Results of Audit ........................................................................................................4
         Finding: The Authority Did Not Always Administer Its Housing Choice Voucher
         Program in Accordance With Applicable Program Requirements ............................. 4

Scope and Methodology ...........................................................................................8

Internal Controls ....................................................................................................10

Appendixes ..............................................................................................................11
         A. Schedule of Questioned Costs .................................................................................. 11

         B. Auditee Comments and OIG’s Evaluation ............................................................. 12




                                                             2
Background and Objective
The Fairmont-Morgantown Housing Authority is a quasi-governmental agency that administers the
Housing Choice Voucher program for four counties in West Virginia: Marion, Monongalia, Preston
and Taylor. This program provides rental assistance to low-income families, the elderly, and the
disabled to enable them to afford decent, safe, and sanitary housing in the private market through
Federal funds from the U.S. Department of Housing and Urban Development (HUD). A five-
member board of commissioners governs the Authority. The Authority’s offices are located at 103
12th Street, Fairmont, WV.
Under the Section 8 Housing Choice Voucher program, HUD authorized the Authority to provide
tenant-based leased housing assistance payments to 1,117 eligible households in fiscal years 2016
and 2017. HUD authorized the Authority the following financial assistance for housing choice
vouchers for fiscal years 2016 and 2017.

                              Year            Annual budget authority
                              2016                    $5,218,631
                              2017                     5,954,270

The Authority did not administer any project-based vouchers.
HUD regulations at 24 CFR (Code of Federal Regulations) 982.54(c) require the Authority to
administer its program in accordance with its administrative plan.
Our audit objective was to determine whether the Authority adequately administered its Housing
Choice Voucher program in compliance with HUD requirements regarding participant eligibility
and applicant selection.




                                                 3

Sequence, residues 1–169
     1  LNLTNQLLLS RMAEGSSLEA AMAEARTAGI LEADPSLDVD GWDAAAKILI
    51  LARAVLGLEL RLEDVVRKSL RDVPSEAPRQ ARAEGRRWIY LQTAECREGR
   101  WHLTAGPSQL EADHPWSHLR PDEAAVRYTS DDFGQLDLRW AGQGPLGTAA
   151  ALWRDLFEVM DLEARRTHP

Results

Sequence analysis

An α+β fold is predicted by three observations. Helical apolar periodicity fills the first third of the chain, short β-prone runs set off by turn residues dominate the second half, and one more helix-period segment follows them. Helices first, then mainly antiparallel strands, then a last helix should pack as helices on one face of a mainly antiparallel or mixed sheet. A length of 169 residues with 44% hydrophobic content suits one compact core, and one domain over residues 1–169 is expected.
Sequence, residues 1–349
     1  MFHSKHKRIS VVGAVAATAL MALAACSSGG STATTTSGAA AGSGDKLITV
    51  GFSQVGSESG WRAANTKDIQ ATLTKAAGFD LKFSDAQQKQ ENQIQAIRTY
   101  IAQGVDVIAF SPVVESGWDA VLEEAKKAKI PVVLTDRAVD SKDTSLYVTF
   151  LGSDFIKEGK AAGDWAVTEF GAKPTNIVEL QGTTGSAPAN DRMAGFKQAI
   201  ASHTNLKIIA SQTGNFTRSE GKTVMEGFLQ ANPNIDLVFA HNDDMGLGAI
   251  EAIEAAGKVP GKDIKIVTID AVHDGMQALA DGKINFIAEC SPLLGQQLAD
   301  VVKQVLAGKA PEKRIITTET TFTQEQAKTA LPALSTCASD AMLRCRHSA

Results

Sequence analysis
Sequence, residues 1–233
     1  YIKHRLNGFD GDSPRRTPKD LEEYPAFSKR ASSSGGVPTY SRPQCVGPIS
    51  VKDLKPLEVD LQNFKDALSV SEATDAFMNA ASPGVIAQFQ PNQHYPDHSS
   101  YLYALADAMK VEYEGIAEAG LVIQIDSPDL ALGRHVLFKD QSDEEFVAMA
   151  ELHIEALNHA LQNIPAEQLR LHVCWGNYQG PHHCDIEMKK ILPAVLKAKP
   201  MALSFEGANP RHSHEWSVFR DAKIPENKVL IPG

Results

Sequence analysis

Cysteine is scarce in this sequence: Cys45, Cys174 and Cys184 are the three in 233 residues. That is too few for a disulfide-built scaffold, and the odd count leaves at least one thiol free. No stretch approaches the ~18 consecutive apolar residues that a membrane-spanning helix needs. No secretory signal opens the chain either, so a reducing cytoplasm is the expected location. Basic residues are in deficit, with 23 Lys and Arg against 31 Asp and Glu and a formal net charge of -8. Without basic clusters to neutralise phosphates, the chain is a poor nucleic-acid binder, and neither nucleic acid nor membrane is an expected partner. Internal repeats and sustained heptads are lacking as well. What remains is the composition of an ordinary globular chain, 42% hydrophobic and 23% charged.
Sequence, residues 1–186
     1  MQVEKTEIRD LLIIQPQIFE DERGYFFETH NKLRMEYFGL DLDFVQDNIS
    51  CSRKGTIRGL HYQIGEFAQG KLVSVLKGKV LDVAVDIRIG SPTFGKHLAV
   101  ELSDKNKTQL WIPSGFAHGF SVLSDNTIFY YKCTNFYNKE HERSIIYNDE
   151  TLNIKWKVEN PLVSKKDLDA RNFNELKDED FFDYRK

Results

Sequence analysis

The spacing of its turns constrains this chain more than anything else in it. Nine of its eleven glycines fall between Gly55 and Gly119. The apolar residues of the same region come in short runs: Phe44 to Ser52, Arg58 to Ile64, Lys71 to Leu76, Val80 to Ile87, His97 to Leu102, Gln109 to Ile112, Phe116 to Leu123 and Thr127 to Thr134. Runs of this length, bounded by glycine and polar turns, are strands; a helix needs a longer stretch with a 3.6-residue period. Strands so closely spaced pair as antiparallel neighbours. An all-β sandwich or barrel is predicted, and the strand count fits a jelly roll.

Results of Audit

Finding: The Authority Did Not Always Administer Its Housing
Choice Voucher Program in Accordance With Applicable Program
Requirements
The Authority did not always administer its program in compliance with HUD’s and its own
requirements regarding participant eligibility and applicant selection. Specifically, the Authority
did not (1) conduct criminal background checks through State or local law enforcement or court
records when the household member lived in the local jurisdiction for the previous 3 years, (2)
properly prorate assistance for only the eligible members of families headed by noncitizen
students, (3) always obtain written citizenship declarations and properly report family citizenship
status, and (4) maintain an accurate waiting list for applicant selection. These conditions
occurred because (1) the Authority wanted to reduce costs and believed basic, free internet
research was suitable for conducting criminal record checks, (2) its staff was not always aware of
requirements, and (3) it lacked controls to ensure that it followed policies and procedures
required by its administrative plan. As a result, the Authority (1) made unsupported housing
assistance payments totaling more than $4.9 million 1, (2) made ineligible housing assistance
payments totaling $19,520, (3) did not maintain and report correct family citizenship status, and
(4) did not treat applicants fairly and consistently.

The Authority Did Not Conduct Criminal Background Checks as Required
The Authority did not conduct criminal background checks on adult household members through
State or local law enforcement records or court records when the household member lived in the
local jurisdiction for the previous 3 years as required by section 3.2 of its administrative plan.
There was no documentation in the 10 participant files reviewed to show that the Authority
conducted criminal background checks in accordance with its policy. This occurred because, as
a cost-saving measure, the Authority relied on basic, free internet research to conduct criminal
record checks of applicants and participants instead of following its policy. The basic, free
internet searches did not provide all of the required information that would have been provided
had the Authority obtained State or local law enforcement records or court records.